One of the core principles of the Charleston Public Courts tennis tournament is to be available for anyone who wishes to compete in a tennis tournament. Hundreds of players enter into dozens of categories each year to enjoy that.
Yet with such an open invitation, sometimes time conflicts arise, whether they come from work, out-of-town trips or caring for children. That’s where another core principle of the Public Courts tournament comes in.
Tournament officials call them “avoidances.” They’re the concessions those officials make to tournament participants to make sure their Public Courts matches can fit around their schedules. That’s not always the case in tennis tournaments. Sometimes it’s the other way around, with the competitor have to work his or her schedule to fit the tournament’s.
It’s not always an easy juggling act, but it’s one tournament participants appreciate and one that tournament officials feel is one of the big reasons competitors keep coming back.
“I think they’ve always tried to do the avoidance concept,” said Kim Isaac, a former co-director for the tournament who continues to handle the scheduling of its matches. “Originally, it was to promote Public Courts play, so you wanted people to come back year after year. So you try to make it a friendly tournament.
“It’s just kind of grown through the years as parents get more busy,” she continued. “You try to be understanding.”
Tournament director Dana Eddy said one of the first questions he always gets from people interested in playing the Public Courts tournament is whether they can still play if their family reunion or other event conflicts with a couple of the days. Eddy said the answer always is “yes.”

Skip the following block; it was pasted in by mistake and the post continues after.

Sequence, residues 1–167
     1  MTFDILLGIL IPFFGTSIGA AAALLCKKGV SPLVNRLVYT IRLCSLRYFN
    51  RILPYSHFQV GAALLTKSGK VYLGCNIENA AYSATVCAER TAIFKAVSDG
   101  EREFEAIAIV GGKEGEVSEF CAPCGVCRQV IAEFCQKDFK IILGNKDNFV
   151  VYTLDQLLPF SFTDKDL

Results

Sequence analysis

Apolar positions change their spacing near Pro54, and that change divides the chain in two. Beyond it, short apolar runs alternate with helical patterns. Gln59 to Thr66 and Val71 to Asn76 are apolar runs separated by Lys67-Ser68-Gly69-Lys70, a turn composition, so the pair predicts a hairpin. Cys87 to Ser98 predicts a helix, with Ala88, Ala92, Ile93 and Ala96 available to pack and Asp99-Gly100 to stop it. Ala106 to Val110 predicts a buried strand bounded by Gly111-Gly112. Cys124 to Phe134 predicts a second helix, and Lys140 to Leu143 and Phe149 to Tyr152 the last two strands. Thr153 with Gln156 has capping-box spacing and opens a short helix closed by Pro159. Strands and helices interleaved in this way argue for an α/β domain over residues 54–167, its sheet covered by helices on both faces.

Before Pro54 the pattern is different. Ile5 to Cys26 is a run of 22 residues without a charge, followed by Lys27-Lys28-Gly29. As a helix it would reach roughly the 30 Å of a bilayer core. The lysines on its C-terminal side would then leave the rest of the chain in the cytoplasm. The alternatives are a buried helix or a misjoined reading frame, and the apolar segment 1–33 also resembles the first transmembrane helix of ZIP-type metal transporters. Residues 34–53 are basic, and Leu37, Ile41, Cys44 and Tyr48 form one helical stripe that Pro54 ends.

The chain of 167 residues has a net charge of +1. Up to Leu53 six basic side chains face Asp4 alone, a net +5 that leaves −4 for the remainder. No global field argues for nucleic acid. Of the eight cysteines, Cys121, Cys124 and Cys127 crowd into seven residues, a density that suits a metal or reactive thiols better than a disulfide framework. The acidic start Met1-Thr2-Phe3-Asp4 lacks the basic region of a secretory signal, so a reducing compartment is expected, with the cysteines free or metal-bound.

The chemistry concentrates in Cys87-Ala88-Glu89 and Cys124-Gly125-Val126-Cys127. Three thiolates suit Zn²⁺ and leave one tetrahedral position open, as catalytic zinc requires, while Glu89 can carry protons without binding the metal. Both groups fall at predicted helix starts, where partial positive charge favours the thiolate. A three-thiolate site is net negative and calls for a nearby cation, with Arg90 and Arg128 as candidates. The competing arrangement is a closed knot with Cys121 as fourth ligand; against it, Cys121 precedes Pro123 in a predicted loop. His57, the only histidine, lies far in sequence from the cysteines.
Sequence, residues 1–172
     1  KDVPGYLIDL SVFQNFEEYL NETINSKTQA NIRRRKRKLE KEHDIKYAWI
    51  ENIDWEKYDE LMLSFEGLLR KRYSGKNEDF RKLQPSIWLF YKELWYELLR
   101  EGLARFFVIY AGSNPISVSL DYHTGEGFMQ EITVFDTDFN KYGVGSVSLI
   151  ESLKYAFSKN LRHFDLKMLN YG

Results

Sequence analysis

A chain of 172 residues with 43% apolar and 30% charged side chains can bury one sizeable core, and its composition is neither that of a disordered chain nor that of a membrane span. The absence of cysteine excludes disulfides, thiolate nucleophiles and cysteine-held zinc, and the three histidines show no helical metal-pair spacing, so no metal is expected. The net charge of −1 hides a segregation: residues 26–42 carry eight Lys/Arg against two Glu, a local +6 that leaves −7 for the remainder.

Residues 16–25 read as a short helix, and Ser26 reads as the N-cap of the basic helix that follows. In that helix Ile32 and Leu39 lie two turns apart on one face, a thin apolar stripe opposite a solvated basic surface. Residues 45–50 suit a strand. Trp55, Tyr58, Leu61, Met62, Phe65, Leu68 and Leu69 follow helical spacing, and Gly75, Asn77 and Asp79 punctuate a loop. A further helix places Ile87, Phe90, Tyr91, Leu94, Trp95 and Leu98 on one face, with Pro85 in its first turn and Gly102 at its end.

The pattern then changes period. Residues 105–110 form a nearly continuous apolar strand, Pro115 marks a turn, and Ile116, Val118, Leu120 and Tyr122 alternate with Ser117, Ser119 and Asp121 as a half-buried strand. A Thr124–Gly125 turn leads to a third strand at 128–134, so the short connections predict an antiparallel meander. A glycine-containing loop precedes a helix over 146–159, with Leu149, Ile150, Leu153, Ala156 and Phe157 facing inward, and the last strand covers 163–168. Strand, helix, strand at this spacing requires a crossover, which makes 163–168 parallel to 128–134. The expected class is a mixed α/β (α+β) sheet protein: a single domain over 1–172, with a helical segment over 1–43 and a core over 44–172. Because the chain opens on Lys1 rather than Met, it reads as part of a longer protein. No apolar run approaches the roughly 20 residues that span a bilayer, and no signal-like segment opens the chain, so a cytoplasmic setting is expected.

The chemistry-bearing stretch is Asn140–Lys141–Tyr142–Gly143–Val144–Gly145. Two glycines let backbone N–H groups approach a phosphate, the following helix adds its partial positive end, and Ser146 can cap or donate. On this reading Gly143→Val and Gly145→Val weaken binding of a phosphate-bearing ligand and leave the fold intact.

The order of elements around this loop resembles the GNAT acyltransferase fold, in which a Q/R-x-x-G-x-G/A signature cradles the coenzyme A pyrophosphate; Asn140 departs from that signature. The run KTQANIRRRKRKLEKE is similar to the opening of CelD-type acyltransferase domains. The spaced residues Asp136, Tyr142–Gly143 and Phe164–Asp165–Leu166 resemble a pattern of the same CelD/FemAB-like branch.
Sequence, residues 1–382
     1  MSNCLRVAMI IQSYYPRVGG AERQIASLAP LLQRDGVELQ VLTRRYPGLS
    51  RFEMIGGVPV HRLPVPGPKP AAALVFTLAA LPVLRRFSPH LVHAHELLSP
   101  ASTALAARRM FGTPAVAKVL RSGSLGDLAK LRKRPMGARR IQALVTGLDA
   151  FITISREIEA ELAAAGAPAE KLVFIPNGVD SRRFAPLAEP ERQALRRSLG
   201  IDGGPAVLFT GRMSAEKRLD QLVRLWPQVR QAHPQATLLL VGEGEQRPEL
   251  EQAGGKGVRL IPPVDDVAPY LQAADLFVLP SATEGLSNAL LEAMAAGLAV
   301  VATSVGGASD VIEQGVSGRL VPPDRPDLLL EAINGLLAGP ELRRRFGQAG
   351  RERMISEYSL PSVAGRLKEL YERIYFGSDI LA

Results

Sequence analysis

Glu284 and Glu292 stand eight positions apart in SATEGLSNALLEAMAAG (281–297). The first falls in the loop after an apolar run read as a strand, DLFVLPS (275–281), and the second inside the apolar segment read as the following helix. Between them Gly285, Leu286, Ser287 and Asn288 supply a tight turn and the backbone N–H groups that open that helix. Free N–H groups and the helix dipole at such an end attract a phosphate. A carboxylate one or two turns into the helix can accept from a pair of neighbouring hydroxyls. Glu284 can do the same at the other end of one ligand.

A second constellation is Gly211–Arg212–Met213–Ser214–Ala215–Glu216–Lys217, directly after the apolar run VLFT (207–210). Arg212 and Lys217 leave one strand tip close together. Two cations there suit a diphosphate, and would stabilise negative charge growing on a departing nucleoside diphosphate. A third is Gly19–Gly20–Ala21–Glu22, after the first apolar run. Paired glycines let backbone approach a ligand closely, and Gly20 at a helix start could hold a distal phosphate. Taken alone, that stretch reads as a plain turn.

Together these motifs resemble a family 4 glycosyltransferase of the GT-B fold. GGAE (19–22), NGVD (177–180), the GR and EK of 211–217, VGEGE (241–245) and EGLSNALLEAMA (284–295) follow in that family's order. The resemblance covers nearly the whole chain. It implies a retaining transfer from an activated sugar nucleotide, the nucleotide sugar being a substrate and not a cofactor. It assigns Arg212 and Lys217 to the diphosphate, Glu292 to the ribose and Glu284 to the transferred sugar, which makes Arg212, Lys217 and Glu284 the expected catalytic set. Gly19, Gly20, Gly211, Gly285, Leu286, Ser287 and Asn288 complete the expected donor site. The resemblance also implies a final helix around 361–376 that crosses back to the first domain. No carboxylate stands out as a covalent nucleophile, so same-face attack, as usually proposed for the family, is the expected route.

The only limit the tournament places on avoidances is that no competitor in the men’s open singles draw can take an avoidance on the tournament’s first weekend. Otherwise, players can email tournament officials ahead of time if certain days of the week or times of the day are too busy. Then those officials know to stay away from those certain days or times.
Such accommodations do take time to work with. Avoidances need put into the tournament’s system by hand, a process that takes two to three hours. To put together the first schedule for the tournament, accounting for all the avoidances, takes between six to eight hours.
More avoidance requests may come after the first weekend, some the tournament can accommodate, some it can’t. But the officials try to help as much as they can.
Isaac said the key is avoid a domino effect in avoidances as much as possible.
“You have to try to look in advance at who all does have avoidances, to make sure you’re not going to run into a roadblock mid-week. Somebody might not be available that first weekend, and then their opponent has an avoidance mid-week. So then you’re landlocked.”
It may take more time to set up the tournament’s schedule, but Isaac said it’s worth it when a participant comes up to one of the tournament officials with gratitude, telling them that, if it weren’t for those avoidances, it would be nearly impossible to participate.
“We do get the appreciation,” Issac said. “And that’s what re-energizes you for the next year. I think it’s the charm of the tournament. You try to make it where people can come and play, enjoy themselves and not have it be a hindrance to their work schedule or family schedule.”
Eddy said the practice is part of the spirit of the Public Courts tournament, and has been for years. It’s a way for the Kanawha Valley’s tennis community to embrace a wider group of players and help them enjoy the sport.
“It’s the one time, one event that they want to come play … and because of the days of the week they’re offered, it’s something they can do that maybe they can’t otherwise do,” Eddy said. “So we’ve become sort of a family that meets every year for this reunion known as Public Courts, and the fact we’re willing to accommodate them fosters that familial feeling.”